Your audience’s empathy is a strong marketing tool. If you can get your audience to feel what you feel, you can get them to think like you think. You can get them to buy what you want.
Empathy simply means being able to see the perspective of others. Ideally, you should make your audience clearly imagine using your product, like your other customers have, so that they’ll want to buy it. One tool to elicit this feeling in potential customers is email marketing. Pure 360 has some tips on how to best utilize it, but here are a few of the highlights.
Just as a concrete example, let’s assume you’re in charge of email marketing related to travel. Here are some tricks that would help your audience imagine those vacation plans:
Harness aspiration in your tone. Try to evince the optimism of going away that your target audience probably has.
Use pictures. With pictures, potential customers can envision how their vacation would be. By giving them an image of how others would enjoy themselves, it’ll be easier for them to imagine the experience themselves.
Segment your email list. The vacation plan you want to send to twenty year olds could be a nightmare for old folks. Having a lack of perspective for the people you’re talking to will result in them unsubscribing rather than visualizing.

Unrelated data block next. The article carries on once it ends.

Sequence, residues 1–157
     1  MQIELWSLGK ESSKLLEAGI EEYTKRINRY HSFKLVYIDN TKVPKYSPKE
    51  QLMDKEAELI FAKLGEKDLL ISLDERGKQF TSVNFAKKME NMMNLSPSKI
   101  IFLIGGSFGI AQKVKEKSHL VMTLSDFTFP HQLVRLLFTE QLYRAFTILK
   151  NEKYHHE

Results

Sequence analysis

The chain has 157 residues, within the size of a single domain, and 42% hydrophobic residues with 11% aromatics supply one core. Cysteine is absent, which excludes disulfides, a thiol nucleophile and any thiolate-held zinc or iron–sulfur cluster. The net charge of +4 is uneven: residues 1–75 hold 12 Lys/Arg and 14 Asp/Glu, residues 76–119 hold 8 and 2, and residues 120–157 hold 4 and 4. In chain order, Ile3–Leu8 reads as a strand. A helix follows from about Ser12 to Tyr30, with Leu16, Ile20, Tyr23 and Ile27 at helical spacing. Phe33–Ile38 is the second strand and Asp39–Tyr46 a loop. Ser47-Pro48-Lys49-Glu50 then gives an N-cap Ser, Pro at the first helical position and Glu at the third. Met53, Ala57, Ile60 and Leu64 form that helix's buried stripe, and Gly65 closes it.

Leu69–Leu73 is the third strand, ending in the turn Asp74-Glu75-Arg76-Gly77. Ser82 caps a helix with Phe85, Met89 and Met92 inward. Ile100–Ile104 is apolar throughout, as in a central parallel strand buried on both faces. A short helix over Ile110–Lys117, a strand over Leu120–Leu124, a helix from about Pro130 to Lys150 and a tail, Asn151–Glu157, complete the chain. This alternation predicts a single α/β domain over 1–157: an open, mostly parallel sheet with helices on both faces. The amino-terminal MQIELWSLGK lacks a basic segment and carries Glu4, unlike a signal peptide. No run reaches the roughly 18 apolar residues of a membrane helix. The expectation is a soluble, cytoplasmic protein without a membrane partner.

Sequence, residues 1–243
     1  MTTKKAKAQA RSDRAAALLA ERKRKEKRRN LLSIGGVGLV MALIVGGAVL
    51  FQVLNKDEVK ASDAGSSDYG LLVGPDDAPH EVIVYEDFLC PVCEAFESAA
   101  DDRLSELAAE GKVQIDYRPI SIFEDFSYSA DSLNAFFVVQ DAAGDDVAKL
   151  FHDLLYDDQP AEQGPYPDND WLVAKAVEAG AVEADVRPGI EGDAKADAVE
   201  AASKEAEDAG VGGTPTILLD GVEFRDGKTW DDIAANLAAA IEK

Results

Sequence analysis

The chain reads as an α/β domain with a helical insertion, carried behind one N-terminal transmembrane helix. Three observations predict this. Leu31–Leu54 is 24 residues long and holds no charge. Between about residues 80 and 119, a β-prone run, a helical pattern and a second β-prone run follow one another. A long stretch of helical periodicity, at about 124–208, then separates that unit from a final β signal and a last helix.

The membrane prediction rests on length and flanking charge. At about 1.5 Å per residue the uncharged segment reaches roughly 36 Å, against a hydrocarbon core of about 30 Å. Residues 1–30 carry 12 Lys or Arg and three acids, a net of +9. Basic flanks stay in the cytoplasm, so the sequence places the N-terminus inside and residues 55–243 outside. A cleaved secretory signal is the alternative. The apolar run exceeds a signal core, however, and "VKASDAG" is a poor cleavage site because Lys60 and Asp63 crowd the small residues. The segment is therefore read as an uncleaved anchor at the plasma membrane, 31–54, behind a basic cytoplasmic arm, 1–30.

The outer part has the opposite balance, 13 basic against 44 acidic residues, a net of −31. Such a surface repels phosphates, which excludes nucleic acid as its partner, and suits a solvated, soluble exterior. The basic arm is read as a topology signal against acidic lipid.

Understand that people are busy. Don’t be too time specific. You can say a special event is going on somewhere at sometime, but be sure to mention how nice that somewhere is all the time. If your audience feels you’re considerate about their situation (even if it’s just slightly), they’ll be more willing to listen to your offer.
Try to imagine what feature of a vacation would intrigue potential travelers the most. Put that feature into the subject line.
Be honest. Don’t muddle facts about the destination. Vacations are a big expense, and your customers will do their research. You don’t want the image you gave them to be questioned.
Use the personal experience of previous customers so your readers can have realistic expectations. Your future customers will have the strongest sense of empathy for your past customers.
If you can understand your audience’s perspective, you can figure out how to make them have the perspective of the people using your product.